One challenge is that healthcare professionals (including hospice and palliative care professionals who are not working with concurrent care through Medicaid or the VHA) are not aware of the flexibilities permitted in Section 40.2.4 of the Medicare Benefits Policy Manual addressing use of Special Modalities for Palliation in Medicare Hospice Services: “A hospice may use chemotherapy, radiation therapy, and other modalities for palliative purposes if it determines that these services are needed. This determination is based on the patient’s condition and the individual hospice’s care-giving philosophy. No additional Medicare payment may be made regardless of the cost of the services.” The common perception is that a patient cannot have both hospice and special modality (or high intensity) palliative treatments at the same time, even when these treatments are used solely for palliation of symptoms. As a result, this often means that both hospices and patients face a difficult decision whether to forego palliative treatments or access hospice services. The NCHPC urges CMS to build better understanding in the healthcare provider community and promote inclusiveness by clarifying its coverage policy regarding the appropriateness of the use of high intensity palliative care services in conjunction with traditional hospice services.

The NCHPC supports equitable access to quality hospice care for all hospice eligible patients who desire to receive hospice care. This includes patients who are receiving high intensity palliative treatments that do not prolong the patient’s life expectancy beyond the requirement of six months or less. For these patients, there may be types of high intensity interventions considered palliative in certain circumstances. However, there are organizational enrollment policies that preclude access to hospice care for eligible patients receiving more complex or high intensity palliative treatments such as interventions not traditionally served by hospices like physical therapy, expensive wound care interventions (vacs), various infusion interventions (blood, immunotherapy, etc.), radiation, total parenteral nutrition (TPN), inotropes, chemotherapy, ventilators, and dialysis. These treatments may provide palliation beyond physical symptoms including emotional and spiritual issues that patients and their families face at end of life.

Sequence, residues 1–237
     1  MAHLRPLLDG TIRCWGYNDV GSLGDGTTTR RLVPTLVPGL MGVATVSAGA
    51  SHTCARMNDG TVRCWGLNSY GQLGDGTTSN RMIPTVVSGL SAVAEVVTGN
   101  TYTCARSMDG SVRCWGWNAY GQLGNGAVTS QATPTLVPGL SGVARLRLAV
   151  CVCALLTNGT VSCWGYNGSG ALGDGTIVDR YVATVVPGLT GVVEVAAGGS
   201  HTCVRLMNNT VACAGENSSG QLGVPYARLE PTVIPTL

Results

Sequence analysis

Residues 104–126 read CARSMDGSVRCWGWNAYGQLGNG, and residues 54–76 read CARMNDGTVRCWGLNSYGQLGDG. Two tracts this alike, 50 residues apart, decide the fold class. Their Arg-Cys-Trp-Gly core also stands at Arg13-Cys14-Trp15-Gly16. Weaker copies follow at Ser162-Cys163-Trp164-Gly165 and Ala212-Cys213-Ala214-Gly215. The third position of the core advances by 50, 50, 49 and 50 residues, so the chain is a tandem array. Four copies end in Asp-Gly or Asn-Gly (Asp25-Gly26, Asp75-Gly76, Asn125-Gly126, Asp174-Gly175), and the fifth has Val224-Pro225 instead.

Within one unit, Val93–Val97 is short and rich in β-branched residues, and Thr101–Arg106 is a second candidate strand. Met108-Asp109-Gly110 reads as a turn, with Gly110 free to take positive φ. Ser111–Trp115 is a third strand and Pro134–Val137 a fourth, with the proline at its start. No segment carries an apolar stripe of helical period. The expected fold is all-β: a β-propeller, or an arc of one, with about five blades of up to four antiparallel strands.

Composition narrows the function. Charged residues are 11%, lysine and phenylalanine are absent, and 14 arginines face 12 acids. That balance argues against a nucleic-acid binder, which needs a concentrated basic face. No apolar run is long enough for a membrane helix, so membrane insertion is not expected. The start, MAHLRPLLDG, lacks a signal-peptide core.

Hospices are not able to serve all referrals for eligible patients who are receiving or considering receiving high intensity palliative treatments. The costs associated with high intensity palliative treatments can be prohibitive due to the hospice benefit per diem rate. One example is that many hospices report they are unable to serve patients living with End Stage Renal Disease, despite the positive benefits related to dialysis and hospice. Costs for provision of palliative dialysis treatments, typically for a period no longer than four weeks (approximately 12 dialysis treatments), are equivalent to a direct cost to the hospice provider of around $3,600 to $4,200. Similarly, a patient receiving palliative chemotherapy might receive multiple treatments, each with a direct cost to the hospice provider ranging from $500 to upwards of $10,000 per treatment. Other examples of costly high intensity services that would fall to the hospice providers include: patients receiving immunotherapy (as much as $20,000 a treatment), chemotherapy ($5,000 – $10,000 per month), radiation such as Lutathera ($72,000 a treatment), some strong antibiotics, frequent paracentesis treatments (including supplies), vacuum-assisted closure of a wound (wound VAC), and blood and/or iron infusions (depending on frequency can be as much as $20,000 a month). Moreover, these direct costs that would be incurred by the hospice providers for high intensity treatment services do not include additional costs associated with treatment such as transportation, consultations, or visits with the physician specialist, nor any of the costs already associated with the provision of hospice services (i.e., the patient care team visits, medical director services, medications, supplies, durable medical equipment, or general operating expenses).